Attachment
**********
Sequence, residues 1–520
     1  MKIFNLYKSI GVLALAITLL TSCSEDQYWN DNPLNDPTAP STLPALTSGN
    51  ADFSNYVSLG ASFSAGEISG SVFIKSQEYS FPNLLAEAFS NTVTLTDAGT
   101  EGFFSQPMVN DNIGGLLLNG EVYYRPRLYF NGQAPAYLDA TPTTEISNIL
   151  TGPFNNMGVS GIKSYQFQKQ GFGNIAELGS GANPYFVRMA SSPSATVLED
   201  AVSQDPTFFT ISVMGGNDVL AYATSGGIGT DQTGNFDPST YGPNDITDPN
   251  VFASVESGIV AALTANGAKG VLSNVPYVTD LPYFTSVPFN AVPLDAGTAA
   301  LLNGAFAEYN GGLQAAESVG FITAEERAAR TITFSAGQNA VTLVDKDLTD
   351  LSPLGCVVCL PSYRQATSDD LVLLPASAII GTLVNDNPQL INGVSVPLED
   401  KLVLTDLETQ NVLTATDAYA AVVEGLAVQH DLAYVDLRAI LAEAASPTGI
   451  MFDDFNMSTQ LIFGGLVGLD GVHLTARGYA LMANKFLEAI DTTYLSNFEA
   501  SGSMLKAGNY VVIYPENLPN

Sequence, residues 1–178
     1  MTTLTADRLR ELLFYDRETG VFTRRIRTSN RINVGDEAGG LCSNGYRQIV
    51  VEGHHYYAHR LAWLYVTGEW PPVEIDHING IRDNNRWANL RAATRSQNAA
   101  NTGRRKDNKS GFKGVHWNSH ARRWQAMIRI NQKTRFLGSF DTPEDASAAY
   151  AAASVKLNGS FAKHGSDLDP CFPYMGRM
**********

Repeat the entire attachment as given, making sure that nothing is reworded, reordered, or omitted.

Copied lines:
Sequence, residues 1–520
     1  MKIFNLYKSI GVLALAITLL TSCSEDQYWN DNPLNDPTAP STLPALTSGN
    51  ADFSNYVSLG ASFSAGEISG SVFIKSQEYS FPNLLAEAFS NTVTLTDAGT
   101  EGFFSQPMVN DNIGGLLLNG EVYYRPRLYF NGQAPAYLDA TPTTEISNIL
   151  TGPFNNMGVS GIKSYQFQKQ GFGNIAELGS GANPYFVRMA SSPSATVLED
   201  AVSQDPTFFT ISVMGGNDVL AYATSGGIGT DQTGNFDPST YGPNDITDPN
   251  VFASVESGIV AALTANGAKG VLSNVPYVTD LPYFTSVPFN AVPLDAGTAA
   301  LLNGAFAEYN GGLQAAESVG FITAEERAAR TITFSAGQNA VTLVDKDLTD
   351  LSPLGCVVCL PSYRQATSDD LVLLPASAII GTLVNDNPQL INGVSVPLED
   401  KLVLTDLETQ NVLTATDAYA AVVEGLAVQH DLAYVDLRAI LAEAASPTGI
   451  MFDDFNMSTQ LIFGGLVGLD GVHLTARGYA LMANKFLEAI DTTYLSNFEA
   501  SGSMLKAGNY VVIYPENLPN

Sequence, residues 1–178
     1  MTTLTADRLR ELLFYDRETG VFTRRIRTSN RINVGDEAGG LCSNGYRQIV
    51  VEGHHYYAHR LAWLYVTGEW PPVEIDHING IRDNNRWANL RAATRSQNAA
   101  NTGRRKDNKS GFKGVHWNSH ARRWQAMIRI NQKTRFLGSF DTPEDASAAY
   151  AAASVKLNGS FAKHGSDLDP CFPYMGRM